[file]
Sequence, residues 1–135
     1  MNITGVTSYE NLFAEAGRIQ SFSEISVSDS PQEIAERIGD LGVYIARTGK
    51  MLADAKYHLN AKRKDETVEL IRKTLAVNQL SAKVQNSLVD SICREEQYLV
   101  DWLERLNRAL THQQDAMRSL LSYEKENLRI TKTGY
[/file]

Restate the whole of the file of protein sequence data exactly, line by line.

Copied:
Sequence, residues 1–135
     1  MNITGVTSYE NLFAEAGRIQ SFSEISVSDS PQEIAERIGD LGVYIARTGK
    51  MLADAKYHLN AKRKDETVEL IRKTLAVNQL SAKVQNSLVD SICREEQYLV
   101  DWLERLNRAL THQQDAMRSL LSYEKENLRI TKTGY